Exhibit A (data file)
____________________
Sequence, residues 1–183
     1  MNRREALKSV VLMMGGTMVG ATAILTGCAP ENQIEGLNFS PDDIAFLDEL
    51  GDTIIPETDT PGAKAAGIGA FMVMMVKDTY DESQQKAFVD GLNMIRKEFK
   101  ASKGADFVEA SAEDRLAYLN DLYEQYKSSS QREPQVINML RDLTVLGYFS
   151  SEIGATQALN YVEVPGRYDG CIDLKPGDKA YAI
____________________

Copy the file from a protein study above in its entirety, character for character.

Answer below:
Sequence, residues 1–183
     1  MNRREALKSV VLMMGGTMVG ATAILTGCAP ENQIEGLNFS PDDIAFLDEL
    51  GDTIIPETDT PGAKAAGIGA FMVMMVKDTY DESQQKAFVD GLNMIRKEFK
   101  ASKGADFVEA SAEDRLAYLN DLYEQYKSSS QREPQVINML RDLTVLGYFS
   151  SEIGATQALN YVEVPGRYDG CIDLKPGDKA YAI